It is not clear whether AlB2 is separated from [KAlF4] or is contained in [KAlF4] when it migrates to the molten metal. However, in the former case, the boron recovery rate would not depend on the boron addition temperature, which would contradict the experimental results. In contrast, assuming the latter makes it easier to explain the phenomena shown in the results. AlB2 will be more likely to migrate to the molten metal side via the evaporation of [KAlF4]. Figure 1 shows that the evaporation rate of [KAlF4] increases as the boron addition temperature increases and that AlB2 coexisting with [KAlF4] tends to migrate to the molten metal side accordingly. Figure 2 also suggests that excess aluminum powder promotes the fine dispersion of [KAlF4] droplets with AlB2 and increases the effective area for the evaporation of [KAlF4]. As a result, the movement of AlB2 to the molten metal side increases.

When the concept of the melt cleaning effect by flux is applied, there are roughly two scenarios for the migration of AlB2 to the molten metal side, as shown in the conceptual diagram in Fig. 9. Let σM/F, σP/F, and σM/P be the interfacial tensions of “molten metal/flux,” “AlB2/flux,” and “molten metal/AlB2,” respectively. If the relation12) σM/P > σM/F + σP/F holds, then the flux enters the interface between AlB2 and the molten metal and wets AlB2. In that case, as shown in Fig. 9(a), if the [KAlF4] droplet surrounding AlB2 evaporates completely, only AlB2 remains in the melt. When this relationship does not hold, as shown in Fig. 9(b), as [KAlF4] evaporates, AlB2 shifts gradually to the molten metal side. However, it is difficult to judge which scenario these experimental results fall under, and it is necessary to examine them separately.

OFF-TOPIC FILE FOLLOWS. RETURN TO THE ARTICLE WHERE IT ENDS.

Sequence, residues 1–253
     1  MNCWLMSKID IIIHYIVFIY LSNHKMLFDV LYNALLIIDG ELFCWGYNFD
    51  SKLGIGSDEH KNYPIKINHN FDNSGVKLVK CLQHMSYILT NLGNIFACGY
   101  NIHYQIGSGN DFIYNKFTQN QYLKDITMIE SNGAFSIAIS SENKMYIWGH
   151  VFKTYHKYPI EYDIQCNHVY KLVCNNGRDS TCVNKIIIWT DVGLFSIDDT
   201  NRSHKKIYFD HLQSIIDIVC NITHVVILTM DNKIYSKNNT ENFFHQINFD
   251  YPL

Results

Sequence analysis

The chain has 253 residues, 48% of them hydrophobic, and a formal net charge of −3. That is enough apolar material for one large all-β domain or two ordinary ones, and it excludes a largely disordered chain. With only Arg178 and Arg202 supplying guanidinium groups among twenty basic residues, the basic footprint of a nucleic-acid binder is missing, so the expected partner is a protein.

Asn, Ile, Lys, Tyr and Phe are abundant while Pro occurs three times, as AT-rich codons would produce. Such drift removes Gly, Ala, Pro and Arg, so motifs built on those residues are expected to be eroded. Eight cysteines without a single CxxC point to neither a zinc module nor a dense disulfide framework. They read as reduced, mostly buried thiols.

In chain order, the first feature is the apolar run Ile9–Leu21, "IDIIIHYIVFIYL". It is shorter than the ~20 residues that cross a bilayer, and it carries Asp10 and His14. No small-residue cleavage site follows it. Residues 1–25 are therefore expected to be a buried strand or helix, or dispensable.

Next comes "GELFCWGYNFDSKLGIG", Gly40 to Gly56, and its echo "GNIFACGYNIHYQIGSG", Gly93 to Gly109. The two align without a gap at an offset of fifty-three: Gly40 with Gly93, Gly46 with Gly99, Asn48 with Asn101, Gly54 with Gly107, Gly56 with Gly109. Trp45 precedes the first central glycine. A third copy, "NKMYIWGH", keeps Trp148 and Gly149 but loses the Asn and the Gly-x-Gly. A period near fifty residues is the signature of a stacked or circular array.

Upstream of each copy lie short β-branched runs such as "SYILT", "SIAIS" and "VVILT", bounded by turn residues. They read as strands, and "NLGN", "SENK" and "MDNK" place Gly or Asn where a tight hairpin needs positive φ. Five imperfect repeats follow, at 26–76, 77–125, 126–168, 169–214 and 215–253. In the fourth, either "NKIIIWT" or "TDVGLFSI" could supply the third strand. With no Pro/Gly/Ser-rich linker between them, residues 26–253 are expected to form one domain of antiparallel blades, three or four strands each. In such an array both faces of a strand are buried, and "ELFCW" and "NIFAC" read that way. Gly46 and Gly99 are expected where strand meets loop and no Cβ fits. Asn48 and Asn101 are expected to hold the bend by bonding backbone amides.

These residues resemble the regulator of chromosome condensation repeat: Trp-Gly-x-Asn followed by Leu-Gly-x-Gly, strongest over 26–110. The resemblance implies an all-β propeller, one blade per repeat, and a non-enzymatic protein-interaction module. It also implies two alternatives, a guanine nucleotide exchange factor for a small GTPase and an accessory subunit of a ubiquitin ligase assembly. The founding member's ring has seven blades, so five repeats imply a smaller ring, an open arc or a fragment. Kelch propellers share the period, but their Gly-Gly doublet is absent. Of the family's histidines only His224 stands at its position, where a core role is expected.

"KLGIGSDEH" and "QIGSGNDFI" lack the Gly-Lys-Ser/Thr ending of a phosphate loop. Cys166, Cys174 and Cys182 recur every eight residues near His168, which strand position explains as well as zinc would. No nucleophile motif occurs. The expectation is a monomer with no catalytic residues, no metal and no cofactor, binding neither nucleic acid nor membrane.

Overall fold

Fig. 9

Conceptual diagram showing how boron is added with evaporation of [KAlF4], (a) $\sigma_{M/P} > \sigma_{M/F} + \sigma_{P/F}$ and (b) $\sigma_{M/P} \not > \sigma_{M/F} + \sigma_{P/F}$.

4.3 Boron in 6063 aluminum alloys

Boron in a 6063 aluminum alloy was examined using an electron beam microanalyzer (EPMA-1720, Shimadzu Corporation). The acceleration voltage was 15 kV, the beam current was 0.17 μA, and the spectroscopic crystal used for boron detection was LSA 120.

Figure 10 shows the results of the area analysis of the cast structure (0.27 mass% B). Intermetallic phases containing silicon and magnesium were clearly observed in the structure. On the other hand, it was impossible to clearly confirm the phase where boron was enriched. Using a higher magnification, fine particles (～5 μm) containing titanium and magnesium were observed, and boron was often detected along with them. However, the number of particles was very low and the amount of boron consumed in their formation was probably small.